Author Archives: Marcus Arvan

Rightness as Fairness: A Moral and Political Theory – now available

This is just a quick announcement that my new book, Rightness as Fairness: A Moral and Political Theory is now available from Palgrave MacMillan and Amazon.  Here is a brief overview:

This book argues that moral and political philosophy should be based on seven scientific principles of theory selection. It then argues that a new comprehensive moral and political theory—Rightness as Fairness—satisfies those principles more successfully than existing theories. Chapter 1 explicates the seven principles of theory-selection, arguing that moral philosophy must conform them to be truth-apt. Chapter 2 argues those principles jointly support founding moral philosophy in known facts of empirical moral psychology: specifically, our capacities for mental time-travel and modal imagination. Chapter 2 then shows that these capacities present human decisionmakers with a problem of diachronic rationality that includes but generalizes beyond, L.A. Paul’s problem of transformative experience: a problem that I call “the problem of possible future selves.” Chapter 3 then argues that a new principle of rationality—the Categorical-Instrumental Imperative—is the only rational solution to this problem, as it requires our present and future selves to forge and uphold a recursive, bi-directional contract with each another given mutual recognition of the problem. Chapter 4 then shows that the Categorical-Instrumental Imperative has three identical formulations analogous but superior to Immanuel Kant’s various formulations of his ‘categorical imperative.’ Chapter 5 shows that these unified formulas jointly entail a particular test of moral principles: a Moral Original Position similar to John Rawls’ famous ‘original position’, but which avoids a variety of problems with Rawls’ model. Chapter 6 then shows that the Moral Original Position generates Four Principles of Fairness, which can then be combined into a single principle of moral rightness: Rightness as Fairness. This new conception of rightness is shown to reconcile four dominant moral frameworks (deontology, consequentialism, virtue ethics, and contractualism), as well as entail a new method of moral decisionmaking for applied ethics: a method of “principled fair negotiation” according to which applied ethical issues cannot be wholly resolved through principled debate, but must instead be resolved by actual negotiation and compromise. This method is then argued to generate novel, nuanced analyses of a variety of applied moral issues, including trolley cases, torture, and the ethical treatment of nonhuman animals. Chapter 7 then shows that Rightness as Fairness reconciles three leading political frameworks—libertarianism, egalitarianism, and communitarianism—showing how all three embody legitimate moral ideals that can, and should, be fairly negotiated against each other to settle the scope, and nature, of domestic, international, and global justice on an ongoing, iterated basis. Finally, Chapter 8 argues that Rightness as Fairness satisfies all seven of the principles of theory-selected defended in Chapter 1 more successfully than rival theories. read more...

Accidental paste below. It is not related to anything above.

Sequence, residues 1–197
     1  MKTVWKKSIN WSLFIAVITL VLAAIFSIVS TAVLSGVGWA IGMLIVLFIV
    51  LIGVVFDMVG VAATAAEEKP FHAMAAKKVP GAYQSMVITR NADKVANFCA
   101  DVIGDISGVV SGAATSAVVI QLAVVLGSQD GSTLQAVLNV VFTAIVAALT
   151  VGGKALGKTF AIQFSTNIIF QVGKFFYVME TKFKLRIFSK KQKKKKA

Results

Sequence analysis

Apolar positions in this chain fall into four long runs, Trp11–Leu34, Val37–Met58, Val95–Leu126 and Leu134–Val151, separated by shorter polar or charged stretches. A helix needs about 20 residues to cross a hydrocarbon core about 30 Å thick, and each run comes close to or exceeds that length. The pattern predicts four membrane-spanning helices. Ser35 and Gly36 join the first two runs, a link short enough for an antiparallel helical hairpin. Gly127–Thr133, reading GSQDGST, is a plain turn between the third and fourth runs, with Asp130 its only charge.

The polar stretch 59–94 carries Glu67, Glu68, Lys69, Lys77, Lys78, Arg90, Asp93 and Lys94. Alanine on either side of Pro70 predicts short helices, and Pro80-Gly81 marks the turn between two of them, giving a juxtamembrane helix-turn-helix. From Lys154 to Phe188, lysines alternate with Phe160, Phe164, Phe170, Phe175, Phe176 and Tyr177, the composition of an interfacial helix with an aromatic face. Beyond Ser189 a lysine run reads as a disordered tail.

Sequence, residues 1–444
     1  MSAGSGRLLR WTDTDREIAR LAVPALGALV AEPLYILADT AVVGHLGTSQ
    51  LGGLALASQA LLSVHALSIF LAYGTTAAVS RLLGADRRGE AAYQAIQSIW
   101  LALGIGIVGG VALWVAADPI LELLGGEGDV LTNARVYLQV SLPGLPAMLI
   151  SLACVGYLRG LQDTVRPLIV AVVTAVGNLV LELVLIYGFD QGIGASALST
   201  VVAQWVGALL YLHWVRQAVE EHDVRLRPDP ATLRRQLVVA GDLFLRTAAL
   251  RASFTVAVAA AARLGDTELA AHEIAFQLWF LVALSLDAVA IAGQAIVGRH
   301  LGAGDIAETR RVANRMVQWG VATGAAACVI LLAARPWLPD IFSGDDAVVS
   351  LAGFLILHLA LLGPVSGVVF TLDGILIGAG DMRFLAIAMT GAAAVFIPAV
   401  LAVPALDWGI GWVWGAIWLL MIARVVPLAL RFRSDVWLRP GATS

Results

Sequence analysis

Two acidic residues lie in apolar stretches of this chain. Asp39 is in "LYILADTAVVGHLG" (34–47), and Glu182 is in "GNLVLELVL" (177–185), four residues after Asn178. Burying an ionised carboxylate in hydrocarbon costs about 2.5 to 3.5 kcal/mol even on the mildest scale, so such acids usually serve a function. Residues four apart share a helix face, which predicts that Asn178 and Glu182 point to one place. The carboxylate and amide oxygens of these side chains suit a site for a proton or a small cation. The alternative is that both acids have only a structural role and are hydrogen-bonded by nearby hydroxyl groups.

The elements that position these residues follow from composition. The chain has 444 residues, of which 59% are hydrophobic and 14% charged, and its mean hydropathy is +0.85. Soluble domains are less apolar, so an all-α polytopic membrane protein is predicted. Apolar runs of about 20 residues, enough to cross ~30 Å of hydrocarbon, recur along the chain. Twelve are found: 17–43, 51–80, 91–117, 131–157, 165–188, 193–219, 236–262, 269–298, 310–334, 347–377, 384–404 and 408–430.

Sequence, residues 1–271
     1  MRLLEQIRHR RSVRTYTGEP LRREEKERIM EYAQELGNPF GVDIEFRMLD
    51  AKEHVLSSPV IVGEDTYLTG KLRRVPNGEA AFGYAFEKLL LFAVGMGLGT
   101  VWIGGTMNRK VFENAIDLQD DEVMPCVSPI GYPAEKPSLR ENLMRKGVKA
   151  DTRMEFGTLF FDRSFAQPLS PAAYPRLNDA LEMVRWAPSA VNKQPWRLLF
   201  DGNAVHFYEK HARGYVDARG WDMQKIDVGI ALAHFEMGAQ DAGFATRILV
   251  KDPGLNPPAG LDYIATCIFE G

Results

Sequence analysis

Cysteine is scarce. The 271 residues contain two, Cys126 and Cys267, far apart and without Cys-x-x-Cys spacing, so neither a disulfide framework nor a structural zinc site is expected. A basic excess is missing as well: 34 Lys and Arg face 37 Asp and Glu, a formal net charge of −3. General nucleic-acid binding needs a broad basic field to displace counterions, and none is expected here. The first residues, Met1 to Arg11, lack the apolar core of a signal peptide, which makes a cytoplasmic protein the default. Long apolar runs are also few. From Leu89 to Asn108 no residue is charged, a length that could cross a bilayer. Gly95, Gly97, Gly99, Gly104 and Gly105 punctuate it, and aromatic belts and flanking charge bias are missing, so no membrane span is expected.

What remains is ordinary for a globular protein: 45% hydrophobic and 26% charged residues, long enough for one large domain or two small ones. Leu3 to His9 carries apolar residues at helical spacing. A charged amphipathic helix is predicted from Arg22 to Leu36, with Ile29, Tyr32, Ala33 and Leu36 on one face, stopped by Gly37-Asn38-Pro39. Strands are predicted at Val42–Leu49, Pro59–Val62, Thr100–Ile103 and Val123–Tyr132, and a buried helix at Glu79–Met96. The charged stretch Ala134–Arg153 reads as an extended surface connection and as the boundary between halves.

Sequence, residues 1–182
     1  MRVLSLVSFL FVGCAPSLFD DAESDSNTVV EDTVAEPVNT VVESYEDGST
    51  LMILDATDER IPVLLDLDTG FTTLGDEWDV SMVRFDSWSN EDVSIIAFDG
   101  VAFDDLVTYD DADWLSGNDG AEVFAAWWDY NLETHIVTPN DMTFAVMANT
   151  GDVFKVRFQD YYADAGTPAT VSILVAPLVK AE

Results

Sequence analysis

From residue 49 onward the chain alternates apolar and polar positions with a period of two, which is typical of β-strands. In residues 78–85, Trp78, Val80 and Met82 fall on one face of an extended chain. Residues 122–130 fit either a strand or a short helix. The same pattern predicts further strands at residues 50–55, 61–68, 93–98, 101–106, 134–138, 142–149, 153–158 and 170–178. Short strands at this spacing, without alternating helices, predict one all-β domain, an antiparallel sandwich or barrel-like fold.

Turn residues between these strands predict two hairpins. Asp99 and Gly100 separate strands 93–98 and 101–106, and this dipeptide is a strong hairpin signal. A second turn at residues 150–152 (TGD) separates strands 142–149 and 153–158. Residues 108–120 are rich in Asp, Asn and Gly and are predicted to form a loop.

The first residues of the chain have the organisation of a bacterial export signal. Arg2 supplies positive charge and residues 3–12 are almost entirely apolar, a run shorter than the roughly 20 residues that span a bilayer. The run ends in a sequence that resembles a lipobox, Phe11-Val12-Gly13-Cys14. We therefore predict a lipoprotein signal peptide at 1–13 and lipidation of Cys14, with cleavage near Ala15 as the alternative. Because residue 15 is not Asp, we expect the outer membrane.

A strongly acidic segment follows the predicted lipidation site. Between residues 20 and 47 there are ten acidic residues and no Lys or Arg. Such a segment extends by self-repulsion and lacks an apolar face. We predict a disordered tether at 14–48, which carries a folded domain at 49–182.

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Final CFP: 3rd Annual Philosophers’ Cocoon Philosophy Conference

This is just a quick reminder that the August 1st submission deadline for the 3rd Annual Philosophers’ Cocoon Philosophy Conference (November 7th-8th at the University of Tampa) is fast approaching! For the full CFP, see here.